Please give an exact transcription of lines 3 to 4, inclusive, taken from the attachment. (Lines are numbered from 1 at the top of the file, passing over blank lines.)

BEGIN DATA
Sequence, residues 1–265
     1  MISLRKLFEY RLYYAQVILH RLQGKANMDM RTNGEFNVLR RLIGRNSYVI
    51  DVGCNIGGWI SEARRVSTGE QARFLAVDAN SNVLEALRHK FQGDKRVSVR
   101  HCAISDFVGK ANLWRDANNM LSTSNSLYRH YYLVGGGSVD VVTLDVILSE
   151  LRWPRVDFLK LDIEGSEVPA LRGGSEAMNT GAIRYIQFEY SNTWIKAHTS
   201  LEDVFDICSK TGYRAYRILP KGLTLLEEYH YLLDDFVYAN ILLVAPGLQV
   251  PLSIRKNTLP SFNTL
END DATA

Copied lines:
    51  DVGCNIGGWI SEARRVSTGE QARFLAVDAN SNVLEALRHK FQGDKRVSVR
   101  HCAISDFVGK ANLWRDANNM LSTSNSLYRH YYLVGGGSVD VVTLDVILSE